New York Times

19 November 1999

Brother's Search for Twin Revealed a 20-Year-Old Killing

By Alan Feuer
New York Times

André Carmichael always suspected he had a twin.

There were old stories drifting through his family's lore about a sister his own age, and there were troubling visions he sometimes had of the child -- "a baby," he said.

So in early October, filled with questions, Carmichael approached the one sister he knew he had, Sabrina Carmichael, and asked about the girl. At first, Sabrina denied there was a twin, he said. But when Carmichael told her he would never give up his search, she burst into tears and confessed a secret she had guarded fearfully for 20 years: in 1979, when she was 8 years old, she had witnessed their mother and older brother beating their 3-year-old sister, Latanisha, to death.

Yesterday, the Brooklyn district attorney's office announced charges against the mother, Madeline Carmichael, and the older brother, Gregory Carmichael, with second-degree murder. They were also charged with hindering a prosecution and tampering with physical evidence, prosecutors said.

Mrs. Carmichael, 60, was arraigned in her bed at Brooklyn Hospital, where she was admitted for chest pains last week, and will undergo a psychiatric examination to determine if she is fit to stand trial, the authorities said. Gregory Carmichael, 37, was arraigned in State Supreme Court in Brooklyn and remanded to the Cape Vincent Correctional Facility near the Canadian border, where he is serving a two- to four-year sentence for robbery.

As Charles J. Hynes, the Brooklyn district attorney, presented the indictments Thursday, he said the case was "straight out of a Stephen King novel." Many of the macabre details were released after Mrs. Carmichael's arrest on Nov. 6, but the revelation that one daughter claims to have watched her murder another has provided a fuller picture of the family drama.

"It's a double loss," André Carmichael said Thursday outside the Harlem homeless shelter where he lives -- "discovering the death of my sister and the fact that I'll never have a relationship with my mother. I have nothing to say to her anymore."

The story began to unravel about a month ago when Carmichael finally visited his mother for the first time since he was put into foster care at the age of 9. He said he was disappointed when his mother recoiled at the sight of his 3-year-old daughter, Andrea, who was with him.

Days later, his disappointment turned into shock when an aunt told him that his mother had blanched because his own daughter bore a strong resemblance to his twin sister, who had vanished 20 years ago.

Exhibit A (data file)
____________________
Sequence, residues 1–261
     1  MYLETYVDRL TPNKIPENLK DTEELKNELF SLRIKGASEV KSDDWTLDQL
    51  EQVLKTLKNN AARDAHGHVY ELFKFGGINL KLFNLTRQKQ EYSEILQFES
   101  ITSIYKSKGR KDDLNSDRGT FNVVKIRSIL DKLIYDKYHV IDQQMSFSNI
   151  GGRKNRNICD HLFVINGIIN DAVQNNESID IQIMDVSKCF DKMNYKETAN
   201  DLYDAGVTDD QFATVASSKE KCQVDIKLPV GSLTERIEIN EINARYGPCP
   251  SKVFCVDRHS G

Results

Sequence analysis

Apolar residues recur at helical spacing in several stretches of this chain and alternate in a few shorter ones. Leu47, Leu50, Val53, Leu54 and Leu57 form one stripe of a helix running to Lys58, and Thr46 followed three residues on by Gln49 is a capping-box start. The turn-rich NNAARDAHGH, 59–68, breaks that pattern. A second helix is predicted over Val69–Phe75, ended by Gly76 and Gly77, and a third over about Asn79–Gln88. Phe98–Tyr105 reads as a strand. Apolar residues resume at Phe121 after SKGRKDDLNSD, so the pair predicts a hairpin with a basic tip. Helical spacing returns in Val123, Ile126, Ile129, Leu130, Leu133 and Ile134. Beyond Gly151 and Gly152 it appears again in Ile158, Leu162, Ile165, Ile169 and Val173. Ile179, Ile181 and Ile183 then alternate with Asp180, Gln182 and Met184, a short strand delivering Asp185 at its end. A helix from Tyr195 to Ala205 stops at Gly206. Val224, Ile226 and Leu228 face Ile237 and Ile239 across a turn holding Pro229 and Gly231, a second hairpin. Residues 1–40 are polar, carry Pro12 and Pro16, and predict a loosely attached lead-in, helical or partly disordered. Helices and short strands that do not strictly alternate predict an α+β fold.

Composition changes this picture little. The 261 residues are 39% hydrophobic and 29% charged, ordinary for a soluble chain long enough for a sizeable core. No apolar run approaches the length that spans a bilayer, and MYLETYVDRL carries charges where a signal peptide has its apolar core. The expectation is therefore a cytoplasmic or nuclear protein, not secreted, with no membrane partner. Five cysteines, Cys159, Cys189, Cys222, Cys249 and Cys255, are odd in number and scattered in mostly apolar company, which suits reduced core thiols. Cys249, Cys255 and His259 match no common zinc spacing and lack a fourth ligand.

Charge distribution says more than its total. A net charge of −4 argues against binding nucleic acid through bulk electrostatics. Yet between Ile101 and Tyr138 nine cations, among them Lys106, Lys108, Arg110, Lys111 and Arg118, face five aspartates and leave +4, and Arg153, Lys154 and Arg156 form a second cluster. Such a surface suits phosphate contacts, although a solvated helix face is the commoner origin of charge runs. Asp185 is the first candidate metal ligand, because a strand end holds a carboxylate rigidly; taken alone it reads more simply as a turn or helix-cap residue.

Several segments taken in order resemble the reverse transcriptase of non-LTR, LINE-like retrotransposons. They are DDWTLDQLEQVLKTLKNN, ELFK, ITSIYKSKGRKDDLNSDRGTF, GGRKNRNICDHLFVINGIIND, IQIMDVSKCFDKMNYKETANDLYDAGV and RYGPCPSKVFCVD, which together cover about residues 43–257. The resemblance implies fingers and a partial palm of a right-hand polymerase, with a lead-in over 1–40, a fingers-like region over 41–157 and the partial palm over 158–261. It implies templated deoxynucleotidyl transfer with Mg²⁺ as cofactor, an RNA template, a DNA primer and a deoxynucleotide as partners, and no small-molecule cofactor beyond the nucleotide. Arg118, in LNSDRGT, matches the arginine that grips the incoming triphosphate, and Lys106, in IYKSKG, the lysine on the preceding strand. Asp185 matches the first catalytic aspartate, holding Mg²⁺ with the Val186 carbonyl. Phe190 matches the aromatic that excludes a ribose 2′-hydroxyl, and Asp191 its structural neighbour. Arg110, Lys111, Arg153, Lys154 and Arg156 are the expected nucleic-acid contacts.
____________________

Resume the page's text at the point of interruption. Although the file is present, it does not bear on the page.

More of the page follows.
With the legend at least partly confirmed, Carmichael confronted his sister, Sabrina, learned of what she had seen, and, with her, called the police.

Hynes said that investigators from the New York Police Department's Cold Case Squad obtained a search warrant for Mrs. Carmichael's apartment in Brownsville, Brooklyn, and knocked on her door on the evening of Nov. 5. According to witnesses, Mrs. Carmichael dashed toward a closet in her apartment when the police arrived, screaming: "Please don't let them take me. I don't want any more suffering."

The police opened the closet and found Latanisha's body inside. The body was swaddled in a baby blanket, placed in four plastic bags, wrapped in yellowing newspaper from Nov. 4, 1979, and hidden in a cedar-lined footlocker, Hynes said. That locker was found in a scuffed, rusting steamer trunk, which had been wrapped in cellophane and left in the closet surrounded by piles of air fresheners, camphor cakes, baking soda boxes and incense sticks, he said.

The Kings County medical examiner conducted an autopsy on the body this week and ruled the death a homicide, Hynes said.

The police said Latanisha's disappearance had gone unnoticed for so long because Mrs. Carmichael kept to herself after sending Sabrina and André to foster homes in 1988 and telling relatives that she was too poor to care for the girl and had sent her to "live down South."

Hynes said the city's former children's services department, the Child Welfare Agency, was also at fault. He said Gregory and Madeline Carmichael had a long history of child abuse complaints.

Indeed, once the police began to investigate, child welfare workers went back to old files and discovered that at least eight complaints against Gregory and Madeline Carmichael had been lodged from 1982 to 1988, said Nicholas Scoppetta, commissioner of the city's Administration for Children's Services.

Yesterday, Carmichael said he planned to file a lawsuit against the city, charging that his twin sister had fallen through the cracks.

"The city failed her," he said. "I blame my mother, but I also blame the system."

Though Carmichael still lives in a homeless shelter and works as a security guard to support his daughter, his wife and her four children, he said he wants to open a center for abused children one day.

"I want to try to make sure this doesn't happen to anyone else," he said. "I don't want any more kids to suffer like we did."

Copyright 1999 The New York Times Company